Philemon is about reconciliation and relationships between Christians. Onesimus (which means “useful”) was a slave of a believer named Philemon in Colossae. Apparently Onesimus had stolen from Philemon and fled. At some time while Paul was under arrest, Onesimus met him and became a Christian. Paul apparently wrote this letter at the same time as Colossians and gave it to Onesimus to carry back to Philemon (see Col. 4:9). Paul appealed to Philemon to accept Onesimus back into his household, but as a brother in the Lord rather than a slave. In Paul’s estimation, Onesimus was far more “useful” (v. 11) now that he was a Christian. Paul even promised to pay whatever debt Onesimus might owe Philemon.



Paul a a prisoner for Christ Jesus, and b Timothy our brother,

To Philemon our beloved fellow worker
and Apphia our sister and c Archippus our d fellow soldier, and e the church in your house:

f Grace to you and peace from God our Father and the Lord Jesus Christ.

Philemon’s Love and Faith

g I thank my God always when I remember you in my prayers, because I h hear of your love and i of the faith that you have toward the Lord Jesus and for all the saints, and I pray that the sharing of your faith may become effective for the full j knowledge of every good thing that is in us for the sake of Christ.
Or for Christ’s service
For I have derived much joy and l comfort from your love, my brother, because the hearts of the saints m have been refreshed through you.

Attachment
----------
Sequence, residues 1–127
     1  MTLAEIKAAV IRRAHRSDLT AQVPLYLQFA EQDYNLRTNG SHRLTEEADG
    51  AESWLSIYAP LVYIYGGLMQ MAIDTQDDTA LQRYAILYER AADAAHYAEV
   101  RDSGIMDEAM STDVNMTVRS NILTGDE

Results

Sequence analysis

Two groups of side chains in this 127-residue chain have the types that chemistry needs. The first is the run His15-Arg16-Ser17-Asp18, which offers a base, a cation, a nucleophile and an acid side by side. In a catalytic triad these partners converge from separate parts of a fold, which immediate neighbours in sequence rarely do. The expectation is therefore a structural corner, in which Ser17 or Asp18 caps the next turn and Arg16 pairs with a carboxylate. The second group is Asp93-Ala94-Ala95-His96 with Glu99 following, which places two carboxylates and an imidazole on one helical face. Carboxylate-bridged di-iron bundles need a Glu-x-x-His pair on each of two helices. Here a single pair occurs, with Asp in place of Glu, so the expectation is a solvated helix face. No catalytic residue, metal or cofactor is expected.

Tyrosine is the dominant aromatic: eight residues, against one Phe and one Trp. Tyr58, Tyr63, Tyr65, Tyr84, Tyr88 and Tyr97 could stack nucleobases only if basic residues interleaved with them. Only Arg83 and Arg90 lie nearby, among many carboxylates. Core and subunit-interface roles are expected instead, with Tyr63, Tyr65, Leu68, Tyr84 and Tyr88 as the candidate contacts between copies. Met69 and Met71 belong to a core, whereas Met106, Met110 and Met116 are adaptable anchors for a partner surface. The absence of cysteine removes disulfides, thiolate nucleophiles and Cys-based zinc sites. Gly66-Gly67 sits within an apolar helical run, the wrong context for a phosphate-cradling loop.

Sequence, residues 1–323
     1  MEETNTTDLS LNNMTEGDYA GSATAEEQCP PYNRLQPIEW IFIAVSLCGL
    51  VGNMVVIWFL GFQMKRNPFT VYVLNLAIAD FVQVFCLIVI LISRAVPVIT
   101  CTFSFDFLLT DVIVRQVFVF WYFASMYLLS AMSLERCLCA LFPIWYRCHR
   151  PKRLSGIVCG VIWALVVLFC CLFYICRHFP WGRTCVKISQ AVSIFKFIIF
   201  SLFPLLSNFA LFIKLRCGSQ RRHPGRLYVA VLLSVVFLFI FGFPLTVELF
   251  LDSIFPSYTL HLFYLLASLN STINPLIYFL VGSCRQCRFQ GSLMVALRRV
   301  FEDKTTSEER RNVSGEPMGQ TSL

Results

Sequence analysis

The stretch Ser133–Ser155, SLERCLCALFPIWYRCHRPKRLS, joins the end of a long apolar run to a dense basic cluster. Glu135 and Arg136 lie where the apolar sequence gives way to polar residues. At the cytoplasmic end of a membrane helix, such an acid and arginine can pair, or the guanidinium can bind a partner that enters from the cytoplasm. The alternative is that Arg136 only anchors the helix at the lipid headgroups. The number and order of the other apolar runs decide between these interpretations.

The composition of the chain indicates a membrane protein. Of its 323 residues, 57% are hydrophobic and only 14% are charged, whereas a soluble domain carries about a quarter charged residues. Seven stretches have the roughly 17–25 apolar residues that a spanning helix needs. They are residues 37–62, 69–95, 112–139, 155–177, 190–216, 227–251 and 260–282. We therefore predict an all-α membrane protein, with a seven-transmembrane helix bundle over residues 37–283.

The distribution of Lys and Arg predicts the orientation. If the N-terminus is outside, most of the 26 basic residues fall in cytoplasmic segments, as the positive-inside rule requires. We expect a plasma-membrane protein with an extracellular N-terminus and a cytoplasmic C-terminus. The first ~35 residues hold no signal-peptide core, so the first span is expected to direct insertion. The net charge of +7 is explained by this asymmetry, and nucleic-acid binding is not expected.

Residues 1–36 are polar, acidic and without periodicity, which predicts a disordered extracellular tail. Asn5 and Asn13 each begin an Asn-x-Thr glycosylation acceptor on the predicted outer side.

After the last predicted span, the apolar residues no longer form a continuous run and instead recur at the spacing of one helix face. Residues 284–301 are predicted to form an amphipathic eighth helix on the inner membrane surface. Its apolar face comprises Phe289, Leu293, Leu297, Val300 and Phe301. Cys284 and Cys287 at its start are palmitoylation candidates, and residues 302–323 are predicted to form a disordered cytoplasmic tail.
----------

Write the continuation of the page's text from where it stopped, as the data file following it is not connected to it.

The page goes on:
Paul’s Plea for Onesimus

Accordingly n though I am bold enough in Christ to command you to do o what is required, yet for love’s sake I prefer to appeal to youI, Paul, an old man and now p a prisoner also for Christ Jesus 10 I appeal to you for q my child, r Onesimus,
 Onesimus means useful (see verse 11) or beneficial (see verse 20)
t whose father I became in my imprisonment.
11 (Formerly he was useless to you, but now he is indeed useful to you and to me.) 12 I am sending him back to you, sending my very heart. 13 I would have been glad to keep him with me, in order that he might serve me u on your behalf v during my imprisonment for the gospel, 14 but I preferred to do nothing without your consent in order that your goodness might not be w by compulsion but of your own accord. 15 For this perhaps is why x he was parted from you for a while, that you might have him back forever, 16  y no longer as a bondservant
Or slave; twice in this verse (for the contextual rendering of the Greek word doulos, see Preface)
but more than a bondservant, as aa a beloved brotherespecially to me, but how much more to you ab both in the flesh and in the Lord.

17 So if you consider me ac your partner, receive him as you would receive me. 18 If he has wronged you at all, or owes you anything, charge that to my account. 19  ad I, Paul, write this with my own hand: I will repay it—to say nothing of your owing me even your own self. 20 Yes, brother, I want some benefit from you in the Lord. ae Refresh my heart in Christ.

21  af Confident of your obedience, I write to you, knowing that you will do even more than I say. 22 At the same time, prepare a guest room for me, for ag I am hoping that ah through your prayers ai I will be graciously given to you.

Final Greetings

23  aj Epaphras, my ak fellow prisoner in Christ Jesus, sends greetings to you, 24 and so do al Mark, am Aristarchus, an Demas, and ao Luke, my fellow workers.

25  ap The grace of the Lord Jesus Christ be with your spirit.

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